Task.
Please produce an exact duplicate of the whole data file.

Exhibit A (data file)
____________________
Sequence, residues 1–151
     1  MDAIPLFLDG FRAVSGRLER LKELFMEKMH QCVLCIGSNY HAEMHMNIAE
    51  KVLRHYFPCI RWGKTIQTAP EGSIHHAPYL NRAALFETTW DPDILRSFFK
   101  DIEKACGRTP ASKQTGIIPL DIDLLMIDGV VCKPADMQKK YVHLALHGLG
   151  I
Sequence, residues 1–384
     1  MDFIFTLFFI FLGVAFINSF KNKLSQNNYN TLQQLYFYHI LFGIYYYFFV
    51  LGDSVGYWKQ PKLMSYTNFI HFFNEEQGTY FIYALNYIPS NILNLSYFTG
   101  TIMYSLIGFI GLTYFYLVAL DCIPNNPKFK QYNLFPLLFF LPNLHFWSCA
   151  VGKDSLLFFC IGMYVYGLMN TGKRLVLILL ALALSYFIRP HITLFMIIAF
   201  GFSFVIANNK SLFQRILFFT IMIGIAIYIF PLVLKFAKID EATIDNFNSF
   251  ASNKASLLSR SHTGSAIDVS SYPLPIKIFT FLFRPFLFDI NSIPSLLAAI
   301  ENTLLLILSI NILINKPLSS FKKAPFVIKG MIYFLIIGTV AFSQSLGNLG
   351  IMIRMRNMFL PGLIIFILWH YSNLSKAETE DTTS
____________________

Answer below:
Sequence, residues 1–151
     1  MDAIPLFLDG FRAVSGRLER LKELFMEKMH QCVLCIGSNY HAEMHMNIAE
    51  KVLRHYFPCI RWGKTIQTAP EGSIHHAPYL NRAALFETTW DPDILRSFFK
   101  DIEKACGRTP ASKQTGIIPL DIDLLMIDGV VCKPADMQKK YVHLALHGLG
   151  I
Sequence, residues 1–384
     1  MDFIFTLFFI FLGVAFINSF KNKLSQNNYN TLQQLYFYHI LFGIYYYFFV
    51  LGDSVGYWKQ PKLMSYTNFI HFFNEEQGTY FIYALNYIPS NILNLSYFTG
   101  TIMYSLIGFI GLTYFYLVAL DCIPNNPKFK QYNLFPLLFF LPNLHFWSCA
   151  VGKDSLLFFC IGMYVYGLMN TGKRLVLILL ALALSYFIRP HITLFMIIAF
   201  GFSFVIANNK SLFQRILFFT IMIGIAIYIF PLVLKFAKID EATIDNFNSF
   251  ASNKASLLSR SHTGSAIDVS SYPLPIKIFT FLFRPFLFDI NSIPSLLAAI
   301  ENTLLLILSI NILINKPLSS FKKAPFVIKG MIYFLIIGTV AFSQSLGNLG
   351  IMIRMRNMFL PGLIIFILWH YSNLSKAETE DTTS